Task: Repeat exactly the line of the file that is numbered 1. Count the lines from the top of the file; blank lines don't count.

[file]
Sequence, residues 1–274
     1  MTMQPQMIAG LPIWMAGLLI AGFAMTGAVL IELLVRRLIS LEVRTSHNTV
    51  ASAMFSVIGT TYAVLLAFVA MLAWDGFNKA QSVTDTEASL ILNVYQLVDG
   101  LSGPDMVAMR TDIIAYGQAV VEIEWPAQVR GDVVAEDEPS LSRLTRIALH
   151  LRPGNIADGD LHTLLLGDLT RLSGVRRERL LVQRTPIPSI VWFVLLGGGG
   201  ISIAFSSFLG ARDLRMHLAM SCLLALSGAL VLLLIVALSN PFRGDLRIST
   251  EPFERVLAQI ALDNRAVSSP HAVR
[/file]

Sequence, residues 1–274